This family has an exceptionally early and severe presentation that includes a wide range of atypical symptoms. The age of onset was in the second and third decade, whereas individuals with AD due to PSEN1 mutations typically present between 40 and 50 years [5]. Drug abuse may have been a contributor to and/or a consequence of the disease, but symptoms clearly progressed for years after the cessation of drug consumption. Of note, the affected brother never used recreational drugs, but behavioral and delusional presentations are documented in patients with PSEN1 mutations [6]. The father of the affected proband did not receive a diagnosis during his lifetime. No test results were diagnostically conclusive before the WES analysis of the proband despite numerous prior studies performed over many years.
PSEN1 p.Met233Val has been described in another family with an early-onset (third and fourth decade) and rapidly progressive disease with extrapyramidal symptoms and seizures. Pathological examination showed amyloid plaques, neurofibrillary tangles and extensive Lewy body formation [7]. PSEN1 p.Met233Val also occurs at the same residue as three other substitutions: p.Met233Thr [8], p.Met233Leu [6], and p.Met233Ile [9], all of which are associated with early-onset, aggressive, familial AD with a similarly broad range of atypical symptoms, including executive dysfunction and behavioral changes, dysarthria, apraxia, dystonia, myoclonus, seizures and pyramidal signs (Babinski) [8,10]. Nevertheless, in such families, disease-modifying interventions targeting PSEN1 and the amyloid pathway hold greatest promise. Within a family, patients may have variable onset and phenotypes even when an autosomal dominant, monogenic Mendelian pattern of inheritance is observed because penetrance/expressivity is influenced by other genetic, environmental and stochastic factors. Sanger sequencing and segregation analysis shows PSEN1 p.Met233Val is necessary and sufficient for disease (etiologic) (Figure 1). It is unclear whether the rare coding variability observed in PSEN2 p.Gly34Ser and PRNP p.Ser97Asp contributes to disease ontology. However, PSEN1, PSEN2, and PRNP proteins function in the same biological network and the proband had an especially early and rapid demise. Functional studies may provide more insight in this regard.
In complex neurological disorders, high-throughput sequencing can be especially informative. Indeed, WES should be considered as a first-line clinical test given the ease of genome-wide assessment, the high diagnostic yield, the accuracy of mutation detection, and the relatively low cost of DNA extraction from a mouthwash or blood sample. Web-based bioinformatics tools now simplify and accelerate data review relevant to symptoms. Genetic mutations have prognostic value and increasingly have treatment implications, and, with informed consent, may enable longitudinal re-analyses and discovery. This is especially important with disease development and when symptoms present insidiously. Nevertheless, prior to reporting, we recommend any WES findings are confirmed as pathogenic by diagnostically accredited Sanger sequencing.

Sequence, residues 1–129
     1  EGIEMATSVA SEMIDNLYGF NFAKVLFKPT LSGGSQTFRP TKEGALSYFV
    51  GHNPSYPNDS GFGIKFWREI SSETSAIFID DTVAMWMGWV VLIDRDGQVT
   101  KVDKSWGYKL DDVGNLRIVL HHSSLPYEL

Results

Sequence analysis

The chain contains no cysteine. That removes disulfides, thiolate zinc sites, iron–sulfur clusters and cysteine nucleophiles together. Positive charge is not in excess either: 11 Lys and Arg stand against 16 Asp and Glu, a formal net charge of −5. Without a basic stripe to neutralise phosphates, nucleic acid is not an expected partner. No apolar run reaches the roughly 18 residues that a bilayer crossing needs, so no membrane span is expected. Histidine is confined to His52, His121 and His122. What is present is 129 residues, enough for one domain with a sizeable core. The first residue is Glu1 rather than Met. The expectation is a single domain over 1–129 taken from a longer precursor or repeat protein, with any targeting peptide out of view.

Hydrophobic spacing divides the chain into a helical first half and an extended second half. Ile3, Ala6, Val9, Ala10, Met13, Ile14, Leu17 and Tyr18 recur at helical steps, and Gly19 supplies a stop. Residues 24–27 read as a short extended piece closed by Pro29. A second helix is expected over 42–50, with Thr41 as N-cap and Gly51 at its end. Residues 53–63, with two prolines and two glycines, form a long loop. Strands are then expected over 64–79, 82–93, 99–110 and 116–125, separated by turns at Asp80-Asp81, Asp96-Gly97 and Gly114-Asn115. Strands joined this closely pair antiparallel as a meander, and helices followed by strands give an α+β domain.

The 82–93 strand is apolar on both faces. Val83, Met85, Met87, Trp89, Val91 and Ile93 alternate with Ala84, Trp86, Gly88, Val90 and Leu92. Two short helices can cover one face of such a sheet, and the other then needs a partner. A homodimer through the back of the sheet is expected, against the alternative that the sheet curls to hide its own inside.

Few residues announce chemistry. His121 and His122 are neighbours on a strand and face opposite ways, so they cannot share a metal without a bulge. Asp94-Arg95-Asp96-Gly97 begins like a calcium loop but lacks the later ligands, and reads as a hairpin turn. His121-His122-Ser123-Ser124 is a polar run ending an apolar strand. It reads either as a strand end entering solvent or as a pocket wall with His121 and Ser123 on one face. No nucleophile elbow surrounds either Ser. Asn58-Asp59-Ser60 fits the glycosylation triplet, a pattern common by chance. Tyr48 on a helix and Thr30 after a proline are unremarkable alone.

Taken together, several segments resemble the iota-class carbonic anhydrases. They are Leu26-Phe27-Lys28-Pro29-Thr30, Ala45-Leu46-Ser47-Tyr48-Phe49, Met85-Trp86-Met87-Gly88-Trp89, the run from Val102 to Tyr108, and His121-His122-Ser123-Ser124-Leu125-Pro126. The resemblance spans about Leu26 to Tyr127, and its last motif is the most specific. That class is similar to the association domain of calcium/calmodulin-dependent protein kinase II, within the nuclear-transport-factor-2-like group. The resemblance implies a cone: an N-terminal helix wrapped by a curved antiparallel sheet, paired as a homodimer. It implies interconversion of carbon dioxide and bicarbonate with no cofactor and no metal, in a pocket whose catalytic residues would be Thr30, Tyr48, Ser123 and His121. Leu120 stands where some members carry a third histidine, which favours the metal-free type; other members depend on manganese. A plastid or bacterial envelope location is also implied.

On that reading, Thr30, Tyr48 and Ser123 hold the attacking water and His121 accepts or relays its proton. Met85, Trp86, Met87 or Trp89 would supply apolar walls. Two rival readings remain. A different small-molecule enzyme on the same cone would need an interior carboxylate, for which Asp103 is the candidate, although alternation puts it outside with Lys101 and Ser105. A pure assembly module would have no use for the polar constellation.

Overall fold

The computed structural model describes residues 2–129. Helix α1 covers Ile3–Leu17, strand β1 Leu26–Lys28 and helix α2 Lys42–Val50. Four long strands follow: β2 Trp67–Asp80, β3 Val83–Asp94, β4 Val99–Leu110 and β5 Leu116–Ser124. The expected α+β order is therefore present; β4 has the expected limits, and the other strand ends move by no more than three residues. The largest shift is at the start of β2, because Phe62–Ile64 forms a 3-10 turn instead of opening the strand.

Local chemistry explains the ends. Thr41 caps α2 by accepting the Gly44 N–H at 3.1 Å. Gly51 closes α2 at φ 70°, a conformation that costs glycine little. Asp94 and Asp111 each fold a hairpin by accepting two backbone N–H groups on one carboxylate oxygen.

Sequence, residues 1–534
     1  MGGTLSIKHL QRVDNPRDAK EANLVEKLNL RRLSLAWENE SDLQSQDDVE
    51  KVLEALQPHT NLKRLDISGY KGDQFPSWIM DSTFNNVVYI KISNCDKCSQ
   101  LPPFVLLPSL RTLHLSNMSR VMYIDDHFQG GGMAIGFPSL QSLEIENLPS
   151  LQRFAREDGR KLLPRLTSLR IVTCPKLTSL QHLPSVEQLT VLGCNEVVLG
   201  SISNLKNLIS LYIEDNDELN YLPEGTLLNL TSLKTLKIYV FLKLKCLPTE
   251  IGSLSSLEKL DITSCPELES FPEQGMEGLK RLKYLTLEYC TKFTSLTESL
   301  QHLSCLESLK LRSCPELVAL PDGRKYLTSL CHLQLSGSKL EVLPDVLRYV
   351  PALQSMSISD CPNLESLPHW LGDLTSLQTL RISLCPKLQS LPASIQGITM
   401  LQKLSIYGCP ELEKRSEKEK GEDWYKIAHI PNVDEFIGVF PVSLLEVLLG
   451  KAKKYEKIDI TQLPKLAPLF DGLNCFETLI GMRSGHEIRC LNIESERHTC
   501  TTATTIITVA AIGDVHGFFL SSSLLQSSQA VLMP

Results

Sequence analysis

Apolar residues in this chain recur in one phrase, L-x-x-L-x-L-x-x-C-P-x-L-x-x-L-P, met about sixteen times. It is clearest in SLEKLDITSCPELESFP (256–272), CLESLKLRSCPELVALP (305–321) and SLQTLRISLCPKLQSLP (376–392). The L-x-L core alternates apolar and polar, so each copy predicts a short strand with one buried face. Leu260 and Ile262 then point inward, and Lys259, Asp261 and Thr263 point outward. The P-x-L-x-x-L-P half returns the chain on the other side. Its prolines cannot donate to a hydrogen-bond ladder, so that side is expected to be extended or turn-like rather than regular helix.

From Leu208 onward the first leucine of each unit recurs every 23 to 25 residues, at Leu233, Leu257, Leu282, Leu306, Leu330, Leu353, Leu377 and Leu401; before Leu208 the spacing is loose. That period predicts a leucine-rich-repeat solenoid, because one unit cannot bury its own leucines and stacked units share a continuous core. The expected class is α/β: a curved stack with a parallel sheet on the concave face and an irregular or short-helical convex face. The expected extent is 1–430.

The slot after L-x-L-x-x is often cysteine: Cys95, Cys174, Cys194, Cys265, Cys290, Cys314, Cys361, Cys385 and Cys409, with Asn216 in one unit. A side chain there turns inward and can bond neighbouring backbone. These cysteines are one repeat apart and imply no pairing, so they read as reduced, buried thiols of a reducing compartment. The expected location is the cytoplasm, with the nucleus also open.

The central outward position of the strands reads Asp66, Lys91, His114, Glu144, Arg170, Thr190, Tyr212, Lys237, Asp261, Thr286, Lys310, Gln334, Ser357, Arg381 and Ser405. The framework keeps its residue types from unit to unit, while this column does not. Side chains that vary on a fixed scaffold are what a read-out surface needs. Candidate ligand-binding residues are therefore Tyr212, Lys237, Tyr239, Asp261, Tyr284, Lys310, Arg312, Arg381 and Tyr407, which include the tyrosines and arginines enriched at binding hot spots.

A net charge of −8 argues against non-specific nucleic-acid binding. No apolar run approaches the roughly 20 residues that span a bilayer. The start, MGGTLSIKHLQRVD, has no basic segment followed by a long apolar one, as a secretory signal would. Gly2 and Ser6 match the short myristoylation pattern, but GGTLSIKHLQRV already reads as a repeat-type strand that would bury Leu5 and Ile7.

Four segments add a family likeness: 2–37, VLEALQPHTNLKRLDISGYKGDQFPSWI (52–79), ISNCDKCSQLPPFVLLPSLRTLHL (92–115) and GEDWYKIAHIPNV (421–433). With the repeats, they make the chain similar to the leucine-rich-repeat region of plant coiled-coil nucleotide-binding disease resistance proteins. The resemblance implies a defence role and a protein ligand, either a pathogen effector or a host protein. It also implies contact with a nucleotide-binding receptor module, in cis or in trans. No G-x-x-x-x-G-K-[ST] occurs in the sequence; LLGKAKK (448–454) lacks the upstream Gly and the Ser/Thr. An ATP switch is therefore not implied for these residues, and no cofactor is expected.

Conflicts of Interest

The authors have no financial conflicts of interest.

This work was supported by the Canada Excellence Research Chairs program (MJF). The Dr. Donald Rix BC Leadership Chair (MJF) is supported by Leading Edge Endowment Funds from the Province of British Columbia, LifeLabs and Genome BC. AnnEx is supported through the Canadian Consortium on Neurodegeneration in Aging. We also appreciate the Pacific Parkinson’s Research Institute, the Marg Meikle Professorship and the Mottershead Family gift (SA-C). We are very grateful for thoughtful discussions with Dr. Neil Cashman, Dr. Michael Coulthart and the Canadian CJD Surveillance System. We appreciate technical support from the Centre for Applied Neurogenetics, most especially Dan Evans and Omar Zabaneh for AnnEx development.
Figure 1.
Pedigree of the family. The family’s presentation is consistent with dominant inheritance of a neurodegenerative disease. Symbols provide a segmented view of the most consistent clinical features reported [parkinsonism and ataxia, (lower or upper left quadrants), dementia and neuropsychiatric disturbance (lower and upper right quadrants)]. However, data on different symptom components may be incomplete and/or by history (gray quadrants). The proband analyzed by whole-exome sequencing is indicated by an arrowhead. Genotypes for the PSEN1, PSEN2 and PRNP mutations are reported. The (*) indicates inferred genotypes. PSEN1: presenilin 1, PSEN2: presenilin 2, PRNP: prion protein.
  • 1. Cruts M, Theuns J, Van Broeckhoven C. Locus-specific mutation databases for neurodegenerative brain diseases. Hum Mutat 2012;33:1340–1344.ArticlePubMedPMC
  • 2. Ryan NS, Rossor MN. Correlating familial Alzheimer’s disease gene mutations with clinical phenotype. Biomark Med 2010;4:99–112.ArticlePubMedPMC